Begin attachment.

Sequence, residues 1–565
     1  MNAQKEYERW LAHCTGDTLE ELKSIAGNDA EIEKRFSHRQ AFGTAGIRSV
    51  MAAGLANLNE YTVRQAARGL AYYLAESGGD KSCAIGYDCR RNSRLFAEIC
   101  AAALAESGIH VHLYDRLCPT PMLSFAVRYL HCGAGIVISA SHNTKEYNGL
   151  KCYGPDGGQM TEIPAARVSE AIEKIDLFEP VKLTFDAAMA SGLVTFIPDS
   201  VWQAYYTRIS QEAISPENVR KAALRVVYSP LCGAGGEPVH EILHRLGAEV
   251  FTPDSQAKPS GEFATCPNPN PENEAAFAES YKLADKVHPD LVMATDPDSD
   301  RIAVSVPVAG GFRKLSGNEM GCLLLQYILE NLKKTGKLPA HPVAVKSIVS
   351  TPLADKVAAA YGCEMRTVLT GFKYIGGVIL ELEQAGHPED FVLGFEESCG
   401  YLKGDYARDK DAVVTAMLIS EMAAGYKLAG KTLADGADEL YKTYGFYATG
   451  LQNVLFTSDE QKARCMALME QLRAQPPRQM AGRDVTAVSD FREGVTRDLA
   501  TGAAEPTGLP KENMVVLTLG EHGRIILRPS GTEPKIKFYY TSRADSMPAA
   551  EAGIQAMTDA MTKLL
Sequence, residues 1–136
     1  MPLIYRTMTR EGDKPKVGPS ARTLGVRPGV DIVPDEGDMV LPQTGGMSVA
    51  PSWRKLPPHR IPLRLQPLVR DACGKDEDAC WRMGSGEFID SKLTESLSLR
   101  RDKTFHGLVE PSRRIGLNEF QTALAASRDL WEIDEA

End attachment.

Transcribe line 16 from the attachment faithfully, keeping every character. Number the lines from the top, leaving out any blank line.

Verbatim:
    51  PSWRKLPPHR IPLRLQPLVR DACGKDEDAC WRMGSGEFID SKLTESLSLR